INDEPENDENT Hollywood filmmaker Salvador Litvak knows about the fickle nature of the movie business.
The creator of the cult film When Do We Eat?, which starred Jack Klugman in his final film role,is in Australia this week for guest appearances at Limmud Oz in Melbourne, where he will join panel discussions as well as talk about his religious blog, The Accidental Talmudist.
His 2006 comedy When Do We Eat? is set around the world’s fastest seder that goes horribly wrong and features a cast that includes Klugman, Michael Lerner, Max Greenfield and Lesley Ann Warren.
“They were all opinionated actors, so the shoot was not always easy, but we captured something very real in the film,” Litvak says by phone from Los Angeles
“When it came out in the US it did okay at the box office, for a small independent film, opening in about 30 cities – most independent films disappear without a trace instantly.”
However, being the first film by Litvak and his wife Nina, they did not earn much from the film or DVD sales.
“We were saddened by that because we had put our heart and soul into the film,” says Litvak, who was born in Santiago, Chile and moved to New York whe he was five. He is a graduate of Harvard College, NYU Law School and the UCLA School of Theatre, Film and Television.
“What has been amazing is that since I started writing The Accidental Talmudist, the Facebook pages have taken off way beyond anything we expected and all of a sudden When Do We Eat? has become a bona fide hit.”
Litvak’s next film project, Saving Lincoln, an inspiring drama about the relationship between president Abraham Lincoln and his longtime bodyguard Ward Hill Lamon, was released last year after he had been working on it for more than a decade.
“Just when Nina and I had finished the third draft of Saving Lincoln and our agent was excited about submitting it to all the big studios, Steven Spielberg announced that he would be making a bid-budget film on Lincoln,” he explains.
“That was crushing news – after two years’ work our project was completely non-viable.”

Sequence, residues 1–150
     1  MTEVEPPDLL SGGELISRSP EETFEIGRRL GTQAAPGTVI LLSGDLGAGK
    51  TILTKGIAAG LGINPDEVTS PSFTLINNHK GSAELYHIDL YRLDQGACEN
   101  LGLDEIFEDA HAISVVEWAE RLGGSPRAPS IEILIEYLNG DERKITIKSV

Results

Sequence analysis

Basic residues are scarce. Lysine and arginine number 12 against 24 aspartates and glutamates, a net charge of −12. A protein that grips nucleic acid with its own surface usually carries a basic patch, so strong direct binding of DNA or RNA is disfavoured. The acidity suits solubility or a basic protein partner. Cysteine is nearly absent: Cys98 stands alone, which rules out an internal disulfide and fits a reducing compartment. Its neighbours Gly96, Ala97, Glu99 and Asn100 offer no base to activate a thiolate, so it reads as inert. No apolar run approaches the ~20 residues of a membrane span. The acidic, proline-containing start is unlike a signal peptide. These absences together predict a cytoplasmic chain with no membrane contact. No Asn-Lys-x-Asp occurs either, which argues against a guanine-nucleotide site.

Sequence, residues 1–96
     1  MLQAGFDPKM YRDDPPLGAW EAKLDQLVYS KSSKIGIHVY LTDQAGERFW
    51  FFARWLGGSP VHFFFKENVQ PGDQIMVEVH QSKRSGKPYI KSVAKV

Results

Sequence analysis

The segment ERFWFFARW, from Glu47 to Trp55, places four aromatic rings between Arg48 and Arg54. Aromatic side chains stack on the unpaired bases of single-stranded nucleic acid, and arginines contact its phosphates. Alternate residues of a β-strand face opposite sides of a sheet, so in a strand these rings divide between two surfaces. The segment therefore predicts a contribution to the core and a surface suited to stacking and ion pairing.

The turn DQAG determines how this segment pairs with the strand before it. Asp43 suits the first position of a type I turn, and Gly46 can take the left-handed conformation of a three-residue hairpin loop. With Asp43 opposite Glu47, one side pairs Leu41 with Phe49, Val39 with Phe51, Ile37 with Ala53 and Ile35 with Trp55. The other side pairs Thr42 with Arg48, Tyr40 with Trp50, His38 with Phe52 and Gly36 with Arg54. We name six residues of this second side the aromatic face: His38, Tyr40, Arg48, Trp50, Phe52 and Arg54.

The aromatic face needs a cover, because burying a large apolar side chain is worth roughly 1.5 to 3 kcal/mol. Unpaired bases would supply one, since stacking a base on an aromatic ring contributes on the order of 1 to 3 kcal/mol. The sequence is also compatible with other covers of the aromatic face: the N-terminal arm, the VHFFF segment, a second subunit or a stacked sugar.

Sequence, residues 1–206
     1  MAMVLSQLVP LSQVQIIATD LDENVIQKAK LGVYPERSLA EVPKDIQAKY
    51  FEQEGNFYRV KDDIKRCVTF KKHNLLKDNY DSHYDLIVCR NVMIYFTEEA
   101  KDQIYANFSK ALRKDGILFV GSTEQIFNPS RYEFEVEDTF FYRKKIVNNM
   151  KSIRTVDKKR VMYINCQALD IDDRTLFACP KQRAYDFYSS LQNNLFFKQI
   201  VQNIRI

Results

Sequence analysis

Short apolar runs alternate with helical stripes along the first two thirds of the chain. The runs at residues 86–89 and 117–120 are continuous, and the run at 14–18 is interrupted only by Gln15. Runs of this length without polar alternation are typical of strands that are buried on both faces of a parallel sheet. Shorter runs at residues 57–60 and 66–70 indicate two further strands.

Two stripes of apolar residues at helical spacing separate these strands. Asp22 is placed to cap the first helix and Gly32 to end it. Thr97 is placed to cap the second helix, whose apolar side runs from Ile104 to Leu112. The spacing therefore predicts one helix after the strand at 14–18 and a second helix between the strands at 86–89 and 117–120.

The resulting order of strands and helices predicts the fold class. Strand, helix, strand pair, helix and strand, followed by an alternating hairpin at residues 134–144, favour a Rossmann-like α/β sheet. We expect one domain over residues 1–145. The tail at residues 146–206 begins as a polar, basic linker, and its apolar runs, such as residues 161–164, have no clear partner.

Years later, after Spielberg made his $65 million Oscar-nominated Lincoln starring Daniel Day-Lewis, Litvak decided to revisit his Lincoln script after discovering a new way of making it using a process called cinecollage, the blending of vintage photographs with state-of-the-art green-screen technology.
Litvak would use hundreds of Civil War-era photographs to create digital backgrounds that would allow the movie to be filmed entirely on a soundstage in downtown Los Angeles without having to spend money travelling to film locations and building costly sets.
Actors Tom Amandes as Lincoln, Penelope Ann Miller as Mary Lincoln and Lea Coco as Lamon worked with just a few historical props in front of a giant 50-metre-wide green screen that would later be filled with the digital composites of the original historic photographs.
The result was a film set within actual photographs of the American Civil War that was made with a budget of less than $1 million.
“This hasn’t been done before for a whole film,” he says.
Litvak used Facebook and social media to spread the word about the film, launching a Facebook page that ended up with 80,000 followers and used the crowdfunding website Kickstarter to raise about $60,000 to help towards marketing and distribution costs.
“It used to be if you wanted to tell a wonderful story from our nation’s past, you could only do that if somebody was going to give you $100 million,” he says. “Now we can take a great story like this on a very modest budget and we can get it into cinemas.”
Litvak says that Saving Lincoln is being released in more countries and hopes it will screen in Australia soon.
“Our international distributor has asked us to do another Jewish holiday comedy, so we are developing one with a Yom Kippur theme.”
Litvak is also working on a TV series based on The Accidental Talmudist, his blog that began as a small side venture and now has attracted a large audience.
“It was a little miracle how The Accidental Talmudist started,” says Litvak, who grew up in a Conservative Jewish family in New York, but after his bar mitzvah admits that he was not greatly inspired by religion.
“When my grandmother Magda died in 1997 I went to synagogue in her honour and something clicked. I felt connected to my ancestors and from that point became involved in Judaism again.”
Litvak visited a Jewish bookshop in Los Angeles in 2005 and saw volumes of the Talmud on the shelves.
“I did not know much about it or even if I was allowed to read it, so I decided to buy book one,” he explains.
“The salesman said, ‘You’re doing Daf Yomi’ and explained about the worldwide program where Jews read the Talmud a page each day for seven-and-a-half years. That day was ‘day one’.
“A lot of people start it but not so many finish it. I stayed with it against all odds and as I neared the end,
I thought I should write about it.
“I mentioned this to a friend at the Jewish Journal and he said, ‘You can write a blog,’ which was The Accidental Talmudist.
“Then I started a Facebook page to promote the blog. I never would have imagined that two years later I would have 60,000 followers.”
In August 2012, he attended the Siyum HaShas to mark the completion of the Daf Yomi cycle at MetLife Stadium in New Jersey where 93,000 Jews were celebrating.
“Reading the Talmud gave me the courage to publish these words in the hope they will touch someone’s soul.”
Limmud Oz is being held from June 7-9 at Monash Caulfield. Bookings: www.limmudoz.com.au.
REPORT by Danny Gocs
PHOTO of American filmmaker Salvador Litvak.